Nissan’s 370Z for 2016 manages to strike a compelling balance between the sports-car driving experience its name and design suggest, but while simultaneously being a car you can live with every day. Available in
Coupe, drop-top Roadster and Nismo versions, there's a
Nissan 370Z for just about anybody, as long as they don't need more than two seats. Priced alongside cars like the
Ford Mustang and
Chevrolet Camaro, many owners compare their Z to cars like the
Porsche Cayman and
BMW Z4. It's not just posturing, as the 370Z offers plenty of power, excellent handling and even track-ready driving in Nismo form. This year, standard and Nismo coupes benefit from a new audio system that includes active noise cancellation, further refining the driving experience.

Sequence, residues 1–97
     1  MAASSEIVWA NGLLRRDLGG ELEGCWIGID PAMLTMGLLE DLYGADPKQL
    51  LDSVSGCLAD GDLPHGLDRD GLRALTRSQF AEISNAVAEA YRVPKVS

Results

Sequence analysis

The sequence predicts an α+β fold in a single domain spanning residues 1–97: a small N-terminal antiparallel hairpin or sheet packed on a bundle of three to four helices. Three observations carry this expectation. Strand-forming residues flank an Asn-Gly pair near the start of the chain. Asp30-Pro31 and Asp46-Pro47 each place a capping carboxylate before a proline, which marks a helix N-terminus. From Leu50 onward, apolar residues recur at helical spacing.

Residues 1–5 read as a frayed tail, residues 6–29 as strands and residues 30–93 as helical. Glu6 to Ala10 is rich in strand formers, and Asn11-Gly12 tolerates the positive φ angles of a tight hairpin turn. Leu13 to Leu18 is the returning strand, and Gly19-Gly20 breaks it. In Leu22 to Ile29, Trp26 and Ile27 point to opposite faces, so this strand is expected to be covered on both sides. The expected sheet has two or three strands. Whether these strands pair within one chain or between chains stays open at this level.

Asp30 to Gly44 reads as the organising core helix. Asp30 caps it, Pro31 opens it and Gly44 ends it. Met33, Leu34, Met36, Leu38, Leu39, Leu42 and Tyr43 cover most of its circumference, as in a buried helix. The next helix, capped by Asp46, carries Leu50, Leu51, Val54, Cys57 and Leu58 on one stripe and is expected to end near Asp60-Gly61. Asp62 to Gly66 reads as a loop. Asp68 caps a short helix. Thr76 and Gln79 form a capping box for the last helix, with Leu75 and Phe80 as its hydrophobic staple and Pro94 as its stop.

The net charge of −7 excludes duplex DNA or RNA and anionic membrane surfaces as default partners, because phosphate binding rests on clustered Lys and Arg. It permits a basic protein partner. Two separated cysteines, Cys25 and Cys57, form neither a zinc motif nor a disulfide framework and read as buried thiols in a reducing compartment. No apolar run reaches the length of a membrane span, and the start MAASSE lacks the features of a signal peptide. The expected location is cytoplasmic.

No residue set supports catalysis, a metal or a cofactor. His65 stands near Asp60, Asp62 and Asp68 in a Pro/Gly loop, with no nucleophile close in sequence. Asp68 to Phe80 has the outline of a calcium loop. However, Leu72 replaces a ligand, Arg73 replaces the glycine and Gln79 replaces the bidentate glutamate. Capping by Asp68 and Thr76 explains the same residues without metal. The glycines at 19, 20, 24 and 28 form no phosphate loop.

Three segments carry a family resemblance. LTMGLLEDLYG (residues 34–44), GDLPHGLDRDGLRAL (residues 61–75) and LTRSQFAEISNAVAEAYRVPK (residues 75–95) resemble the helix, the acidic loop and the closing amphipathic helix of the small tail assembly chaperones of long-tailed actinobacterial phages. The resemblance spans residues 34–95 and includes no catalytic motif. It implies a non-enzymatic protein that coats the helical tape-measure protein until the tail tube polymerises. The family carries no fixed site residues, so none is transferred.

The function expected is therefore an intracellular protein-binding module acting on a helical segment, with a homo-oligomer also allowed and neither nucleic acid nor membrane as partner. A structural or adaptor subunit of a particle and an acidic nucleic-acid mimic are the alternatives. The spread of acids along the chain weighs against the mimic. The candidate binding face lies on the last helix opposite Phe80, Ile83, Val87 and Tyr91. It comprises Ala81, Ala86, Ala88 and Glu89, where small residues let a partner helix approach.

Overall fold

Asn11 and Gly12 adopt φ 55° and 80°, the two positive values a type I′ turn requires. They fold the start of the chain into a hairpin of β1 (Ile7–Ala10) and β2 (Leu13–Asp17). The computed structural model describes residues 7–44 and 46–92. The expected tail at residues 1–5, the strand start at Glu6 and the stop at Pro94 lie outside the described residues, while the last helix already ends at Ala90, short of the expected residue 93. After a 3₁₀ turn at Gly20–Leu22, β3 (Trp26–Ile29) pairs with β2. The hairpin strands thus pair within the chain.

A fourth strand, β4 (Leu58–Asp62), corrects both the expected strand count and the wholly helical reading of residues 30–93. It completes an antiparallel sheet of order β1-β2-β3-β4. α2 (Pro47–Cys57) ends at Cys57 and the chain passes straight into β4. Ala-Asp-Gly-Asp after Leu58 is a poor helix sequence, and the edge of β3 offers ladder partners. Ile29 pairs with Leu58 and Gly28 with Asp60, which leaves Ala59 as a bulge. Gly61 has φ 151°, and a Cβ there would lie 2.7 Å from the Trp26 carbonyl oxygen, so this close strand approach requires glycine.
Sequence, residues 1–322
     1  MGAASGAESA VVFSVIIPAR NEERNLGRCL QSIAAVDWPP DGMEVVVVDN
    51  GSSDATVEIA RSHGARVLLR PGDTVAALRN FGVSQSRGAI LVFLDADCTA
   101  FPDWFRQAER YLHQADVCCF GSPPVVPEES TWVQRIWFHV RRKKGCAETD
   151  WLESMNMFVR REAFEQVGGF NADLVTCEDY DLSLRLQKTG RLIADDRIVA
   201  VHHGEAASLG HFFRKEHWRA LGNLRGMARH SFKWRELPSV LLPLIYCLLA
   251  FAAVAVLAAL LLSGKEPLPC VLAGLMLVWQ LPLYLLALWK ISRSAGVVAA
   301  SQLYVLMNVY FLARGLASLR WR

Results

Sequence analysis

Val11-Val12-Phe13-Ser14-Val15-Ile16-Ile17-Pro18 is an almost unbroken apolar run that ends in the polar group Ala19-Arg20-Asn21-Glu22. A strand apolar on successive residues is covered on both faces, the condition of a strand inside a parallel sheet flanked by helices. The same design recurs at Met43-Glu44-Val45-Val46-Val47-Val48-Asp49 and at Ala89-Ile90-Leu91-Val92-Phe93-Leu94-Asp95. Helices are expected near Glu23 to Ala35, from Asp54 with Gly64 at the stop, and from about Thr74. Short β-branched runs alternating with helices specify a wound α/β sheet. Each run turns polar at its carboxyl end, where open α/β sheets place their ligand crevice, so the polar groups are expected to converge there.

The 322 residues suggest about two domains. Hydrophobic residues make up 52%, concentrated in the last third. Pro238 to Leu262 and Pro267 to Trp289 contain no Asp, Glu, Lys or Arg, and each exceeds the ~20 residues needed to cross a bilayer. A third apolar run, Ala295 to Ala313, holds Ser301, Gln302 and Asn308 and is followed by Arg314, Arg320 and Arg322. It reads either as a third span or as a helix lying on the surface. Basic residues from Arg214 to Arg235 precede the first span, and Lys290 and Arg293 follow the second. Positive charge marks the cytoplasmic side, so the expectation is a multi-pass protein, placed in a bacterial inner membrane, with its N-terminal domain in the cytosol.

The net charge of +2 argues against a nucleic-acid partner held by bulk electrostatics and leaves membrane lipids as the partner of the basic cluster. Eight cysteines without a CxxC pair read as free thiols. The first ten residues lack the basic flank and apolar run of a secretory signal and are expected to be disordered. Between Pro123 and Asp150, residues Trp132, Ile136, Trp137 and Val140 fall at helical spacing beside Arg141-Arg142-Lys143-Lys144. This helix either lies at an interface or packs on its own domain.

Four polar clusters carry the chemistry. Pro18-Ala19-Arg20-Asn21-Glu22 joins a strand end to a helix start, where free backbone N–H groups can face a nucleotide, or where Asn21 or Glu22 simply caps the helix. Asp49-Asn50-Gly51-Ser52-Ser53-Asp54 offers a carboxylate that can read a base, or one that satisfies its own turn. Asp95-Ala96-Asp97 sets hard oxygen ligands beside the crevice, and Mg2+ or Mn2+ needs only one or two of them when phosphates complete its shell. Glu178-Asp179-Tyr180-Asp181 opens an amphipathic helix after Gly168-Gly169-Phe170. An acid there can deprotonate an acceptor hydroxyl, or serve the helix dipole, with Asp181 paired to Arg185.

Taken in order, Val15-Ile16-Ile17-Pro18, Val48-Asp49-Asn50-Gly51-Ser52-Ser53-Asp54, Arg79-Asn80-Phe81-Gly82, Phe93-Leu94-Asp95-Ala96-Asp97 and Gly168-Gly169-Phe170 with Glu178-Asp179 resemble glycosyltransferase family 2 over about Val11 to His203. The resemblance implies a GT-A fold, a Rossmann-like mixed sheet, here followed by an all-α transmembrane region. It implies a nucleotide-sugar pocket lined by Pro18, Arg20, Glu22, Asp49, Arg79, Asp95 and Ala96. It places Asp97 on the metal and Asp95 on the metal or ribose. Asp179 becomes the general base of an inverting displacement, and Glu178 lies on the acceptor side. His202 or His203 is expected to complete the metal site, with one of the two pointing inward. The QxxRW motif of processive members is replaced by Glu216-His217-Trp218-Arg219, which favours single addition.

For 2015, Nissan’s 370Z
Coupe gains two new trims: Sport and Sport Tech. These trims basically combine options from last year’s sport and navigation packages. Bluetooth is added to the base car while the Touring trim gains standard navigation. The Nismo trim gets a significant freshening and an optional automatic transmission.
A minor facelift gives the
Nissan 370Z a slightly softer-looking front end and incorporates distinctive vertical LED running lights. The Sport Package gets new shock tuning and red-finished brake calipers. The Nismo edition gets more rigid brake lines and now offers some of the available features from the Touring package.
Coupe sibling, the all-new
2010 Nissan 370Z Roadster is smaller, lighter and more powerful than its predecessor. It also benefits from curvier sheetmetal, a higher-grade interior and new technologies like available Bluetooth streaming audio.